Stephen McMinn inquest coroner warns over silage dangers
A warning has been issued to farmers after an inquest into the death of a man whose body was found beneath a layer of tarpaulin in a silage pit.
Stephen Victor McMinn (25), from Tirkelly Road in Rathfriland, went missing while helping his uncle and cousins build a silage clamp at their farm on the evening of May 16, 2014. He was later found trapped under a layer of plastic sheeting.
It is believed that the welder succumbed to the effects of carbon monoxide and nitrogen dioxide within seconds, leaving him unable to escape from beneath the tarpaulin.
It is the first death of its kind to happen in Northern Ireland since records began in 1968.
A Craigavon Court inquest into Mr McMinn's death was told that the group had laid tyres on top of the lower plastic sheeting layer to stop it blowing away.
After laying the next layer, Stephen's uncle, Robin McMinn, and cousin, Richard Crawford, crawled beneath it to retrieve the tyres.
Mr McMinn went missing as multiple layers of sheeting were being laid on the pile.
His disappearance was not immediately noticed because he had told his cousins he was leaving to meet his girlfriend.
It was only when his wallet and keys were found inside his car at the farmyard that a search was launched.
Mr McMinn was found lying on his side close to the edge of the sheeting at the top of the silo. Subsequent attempts to revive him were unsuccessful.
Coroner Suzanne Anderson said she would be writing to the Agriculture Minister, the Ulster Farmers' Union and the Health and Safety Executive (HSENI) to raise awareness of the dangers of working with silage.
While the HSENI has updated its guidance on working with silage since the tragedy, Coroner Anderson said: "I think this is something I need to raise formally with them and make sure that any education that can be conducted for the farming community is carried out."
The HSENI's Malcolm Downey said the silo was built according to common practice.
"I would estimate that in the last 40 years, close to two million silos here have been covered in this way," he added.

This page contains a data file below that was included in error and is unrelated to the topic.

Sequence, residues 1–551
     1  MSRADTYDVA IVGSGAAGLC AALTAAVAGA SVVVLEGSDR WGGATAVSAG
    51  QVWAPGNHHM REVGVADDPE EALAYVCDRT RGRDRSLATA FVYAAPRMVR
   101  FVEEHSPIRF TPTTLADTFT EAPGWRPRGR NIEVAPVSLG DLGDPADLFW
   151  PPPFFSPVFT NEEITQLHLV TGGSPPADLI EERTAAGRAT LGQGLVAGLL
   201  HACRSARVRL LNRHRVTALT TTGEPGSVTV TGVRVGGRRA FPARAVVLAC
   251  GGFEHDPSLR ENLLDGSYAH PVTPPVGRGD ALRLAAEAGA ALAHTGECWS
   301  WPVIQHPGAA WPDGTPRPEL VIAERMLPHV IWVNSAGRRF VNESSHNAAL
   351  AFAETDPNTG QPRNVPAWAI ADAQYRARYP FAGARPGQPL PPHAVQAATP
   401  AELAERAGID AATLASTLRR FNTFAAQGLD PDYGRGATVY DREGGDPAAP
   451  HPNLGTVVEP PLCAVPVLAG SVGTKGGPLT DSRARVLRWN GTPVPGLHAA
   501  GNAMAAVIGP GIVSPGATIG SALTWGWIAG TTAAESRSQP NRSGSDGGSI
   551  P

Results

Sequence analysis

"At some stage, Stephen entered the area below the silage cover and was overcome by the severe lack of oxygen and tragically died as a result."
He also explained that since its investigation, the HSENI has worked with Stephen's parents to adapt the guidance in Great Britain on working with silage to Northern Ireland, with a section warning not to go between the layers added to the advice.
Carbon monoxide levels as high as 870 parts per million were recorded in the part of the clamp where Stephen was found in the wake of the tragedy, according to commander Edward Carroll, hazardous materials protection officer with NI Fire and Rescue Service.
Mr Carroll said it was unusual to find such high levels of carbon monoxide in such a case, but that was not to say that it did not happen.
"I've never seen such high levels in 26 years in the Fire and Rescue Service," he added.
The deputy state pathologist for Northern Ireland, Dr Alastair Bentley, who spoke to the inquest by video link, said he believed Stephen could have lost consciousness within seconds.
"It is a case of asphyxiation due to entrapment beneath a tarpaulin in a silo," he added.
Stephen's mother, Louise McMinn, said her son had been planning to meet his girlfriend, Rachel Mayne, at 9pm, and had gone to help his uncle and cousins with the silage at 6.30pm. His final text to his girlfriend was sent at 8.45pm.
Robin McMinn told the inquest his son, Kyle, had put his foot through the sheeting where a tyre was sitting beneath, so Robin had gone under the sheets to retrieve the tyre.
He said that after the group finished laying the plastic, they went in for their tea. While they noticed Stephen's car was still there, they assumed he had been collected.
The coroner told the court: "I am extending my deepest sympathy to Stephen's family circle. This is a terrible tragedy for the entire McMinn family."